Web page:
If you are concerned that your child is showing some signs of Sensory Processing Disorder, talk to your pediatrician about getting a referral to a Developmental Pediatrician or to Early Intervention for an evaluation. Thankfully, there is so much you can do to support sensory development for your child. Common supports include speech therapy, occupational therapy, and social skill classes--all tools that will help your sensory child learn how to effectively process sensory information and thrive in their daily lives. 
    Ten Fundamental Facts About SPD

    • Sensory Processing Disorder is a complex disorder of the brain that affects developing children and adults.
    • Parent surveys, clinical assessments, and laboratory protocols exist to identify children with SPD.
    • At least one in twenty people in the general population may be affected by SPD.
    • In children who are gifted and those with ADHD, Autism, and fragile X syndrome, the prevalence of SPD is much higher than in the general population.
    • Studies have found a significant difference between the physiology of children with SPD and children who are typically developing.
    • Studies have found a significant difference between the physiology of children with SPD and children with ADHD.
    • Sensory Processing Disorder has unique sensory symptoms that are not explained by other known disorders.
    • Heredity may be one cause of the disorder.
    • Laboratory studies suggest that the sympathetic and parasympathetic nervous systems are not functioning typically in children with SPD.
    • Preliminary research data support decades of anecdotal evidence that occupational therapy is an effective intervention for treating the symptoms of SPD.
    – from Sensational Kids: Hope and Help for Children With Sensory Processing Disorder (SPD ) p. 249-250 by Lucy Jane Miller, PhD, OTR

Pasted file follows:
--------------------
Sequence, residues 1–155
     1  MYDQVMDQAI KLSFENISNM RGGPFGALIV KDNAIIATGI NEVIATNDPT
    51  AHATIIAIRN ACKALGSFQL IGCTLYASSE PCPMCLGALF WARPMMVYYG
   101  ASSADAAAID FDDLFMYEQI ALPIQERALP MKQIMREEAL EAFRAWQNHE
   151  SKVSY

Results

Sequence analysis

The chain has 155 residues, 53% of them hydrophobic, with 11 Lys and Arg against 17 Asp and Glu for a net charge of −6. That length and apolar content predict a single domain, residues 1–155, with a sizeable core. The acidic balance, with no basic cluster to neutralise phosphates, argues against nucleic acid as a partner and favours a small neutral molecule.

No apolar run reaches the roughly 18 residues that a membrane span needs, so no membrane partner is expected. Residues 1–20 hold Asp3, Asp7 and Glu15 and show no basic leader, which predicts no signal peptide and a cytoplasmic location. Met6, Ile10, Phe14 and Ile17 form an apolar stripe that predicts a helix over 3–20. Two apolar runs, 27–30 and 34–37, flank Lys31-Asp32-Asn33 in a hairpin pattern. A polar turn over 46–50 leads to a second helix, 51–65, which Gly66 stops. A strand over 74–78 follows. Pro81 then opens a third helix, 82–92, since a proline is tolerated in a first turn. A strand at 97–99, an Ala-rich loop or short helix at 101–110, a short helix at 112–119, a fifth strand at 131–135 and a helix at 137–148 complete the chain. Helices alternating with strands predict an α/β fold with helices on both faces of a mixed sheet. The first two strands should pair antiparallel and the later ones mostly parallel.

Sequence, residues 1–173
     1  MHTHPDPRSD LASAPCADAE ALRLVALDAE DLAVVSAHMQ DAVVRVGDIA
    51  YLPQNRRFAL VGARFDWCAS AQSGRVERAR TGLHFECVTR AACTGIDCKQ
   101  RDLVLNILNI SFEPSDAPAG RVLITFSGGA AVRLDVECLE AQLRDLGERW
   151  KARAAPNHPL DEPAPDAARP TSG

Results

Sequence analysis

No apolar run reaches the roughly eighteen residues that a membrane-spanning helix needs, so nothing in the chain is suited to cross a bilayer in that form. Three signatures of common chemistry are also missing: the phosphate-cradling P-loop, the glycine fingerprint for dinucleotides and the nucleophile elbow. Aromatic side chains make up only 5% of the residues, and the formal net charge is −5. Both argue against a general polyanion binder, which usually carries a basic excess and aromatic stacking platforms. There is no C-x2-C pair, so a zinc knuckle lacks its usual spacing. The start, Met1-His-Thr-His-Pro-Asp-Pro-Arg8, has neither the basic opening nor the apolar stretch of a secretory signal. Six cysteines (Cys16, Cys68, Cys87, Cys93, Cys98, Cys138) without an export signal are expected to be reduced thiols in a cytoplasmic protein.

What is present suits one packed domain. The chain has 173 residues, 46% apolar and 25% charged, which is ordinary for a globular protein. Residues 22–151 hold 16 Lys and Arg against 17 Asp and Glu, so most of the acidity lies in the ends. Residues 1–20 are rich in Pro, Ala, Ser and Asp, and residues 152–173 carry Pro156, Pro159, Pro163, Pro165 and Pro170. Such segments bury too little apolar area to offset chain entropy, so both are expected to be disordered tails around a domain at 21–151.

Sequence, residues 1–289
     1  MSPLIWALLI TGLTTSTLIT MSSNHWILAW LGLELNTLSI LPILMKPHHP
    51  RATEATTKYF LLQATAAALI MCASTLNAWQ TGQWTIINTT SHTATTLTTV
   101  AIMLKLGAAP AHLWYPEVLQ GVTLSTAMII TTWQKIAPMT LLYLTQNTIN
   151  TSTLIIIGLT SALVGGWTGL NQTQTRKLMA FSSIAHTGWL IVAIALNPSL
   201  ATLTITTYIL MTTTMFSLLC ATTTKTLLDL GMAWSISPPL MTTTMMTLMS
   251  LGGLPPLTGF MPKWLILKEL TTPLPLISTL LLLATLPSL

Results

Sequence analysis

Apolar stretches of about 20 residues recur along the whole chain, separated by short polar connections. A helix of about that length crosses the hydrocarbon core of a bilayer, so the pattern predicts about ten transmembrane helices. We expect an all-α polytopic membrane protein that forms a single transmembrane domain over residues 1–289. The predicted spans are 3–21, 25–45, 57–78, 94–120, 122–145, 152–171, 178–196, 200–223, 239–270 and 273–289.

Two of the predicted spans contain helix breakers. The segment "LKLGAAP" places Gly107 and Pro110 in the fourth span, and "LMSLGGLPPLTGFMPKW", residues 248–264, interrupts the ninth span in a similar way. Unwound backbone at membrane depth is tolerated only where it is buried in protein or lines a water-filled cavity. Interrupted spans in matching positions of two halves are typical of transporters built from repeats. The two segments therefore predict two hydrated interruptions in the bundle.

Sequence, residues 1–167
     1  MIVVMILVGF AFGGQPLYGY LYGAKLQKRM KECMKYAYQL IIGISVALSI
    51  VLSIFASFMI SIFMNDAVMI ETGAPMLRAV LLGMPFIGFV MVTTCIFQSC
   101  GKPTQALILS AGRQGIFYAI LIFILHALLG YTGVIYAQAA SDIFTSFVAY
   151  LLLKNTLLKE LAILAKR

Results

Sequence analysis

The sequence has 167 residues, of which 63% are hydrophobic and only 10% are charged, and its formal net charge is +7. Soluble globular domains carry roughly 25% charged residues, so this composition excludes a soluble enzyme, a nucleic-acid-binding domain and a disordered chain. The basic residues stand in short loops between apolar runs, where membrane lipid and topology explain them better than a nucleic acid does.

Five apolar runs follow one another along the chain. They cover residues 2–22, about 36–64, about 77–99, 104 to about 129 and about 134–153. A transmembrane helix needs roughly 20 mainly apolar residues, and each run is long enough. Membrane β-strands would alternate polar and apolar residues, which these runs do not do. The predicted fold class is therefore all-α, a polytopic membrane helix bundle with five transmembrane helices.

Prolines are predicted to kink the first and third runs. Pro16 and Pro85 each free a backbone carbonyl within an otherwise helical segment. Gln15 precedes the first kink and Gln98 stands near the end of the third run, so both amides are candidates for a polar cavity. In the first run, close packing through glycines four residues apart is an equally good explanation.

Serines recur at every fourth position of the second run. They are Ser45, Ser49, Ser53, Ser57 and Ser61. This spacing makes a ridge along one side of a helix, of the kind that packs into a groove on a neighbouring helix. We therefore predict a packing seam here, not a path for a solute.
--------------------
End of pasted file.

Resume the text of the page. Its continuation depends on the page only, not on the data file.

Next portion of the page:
Sensory processing disorder is a condition in which the brain has trouble receiving and responding to information that comes in through the senses.

    The condition used to be called sensory integration dysfunction.

    Some people with sensory processing disorder are oversensitive to things in their environment. Common sounds may be painful or overwhelming. The light touch of a shirt may chafe the skin.

    Others with sensory processing disorder may:

    • Be uncoordinated
    • Bump into things
    • Be unable to tell where their limbs are in space
    • Be hard to engage in conversation or play
    Sensory processing problems are usually identified in children. But they can also affect adults. Sensory processing problems are commonly seen in developmental disorders like autism.

    Sensory processing disorder is not recognized as a standalone disorder. But many experts think that should change.

    Symptoms of Sensory Processing DisorderSensory processing disorder may affect one sense, like hearing, touch, or taste. Or it may affect multiple senses. And people can be over- or under-responsive to the things they have difficulties with.

    Like many illnesses, the symptoms of sensory processing disorder exist on a spectrum.

    In some children, for example, the sound of a leaf blower outside the window may cause them to vomit or dive under the table. They may scream when touched. They may recoil from the textures of certain foods.

    But others seem unresponsive to anything around them. They may fail to respond to extreme heat or cold or even pain.

    Many children with sensory processing disorder start out as fussy babies who become anxious as they grow older. These kids often don't handle change well. They may frequently throw tantrums or have meltdowns.

    Many children have symptoms like these from time to time. But therapists consider a diagnosis of sensory processing disorder when the symptoms become severe enough to affect normal functioning and disrupt everyday life.

    Great video that simply describes sensory processing disorder.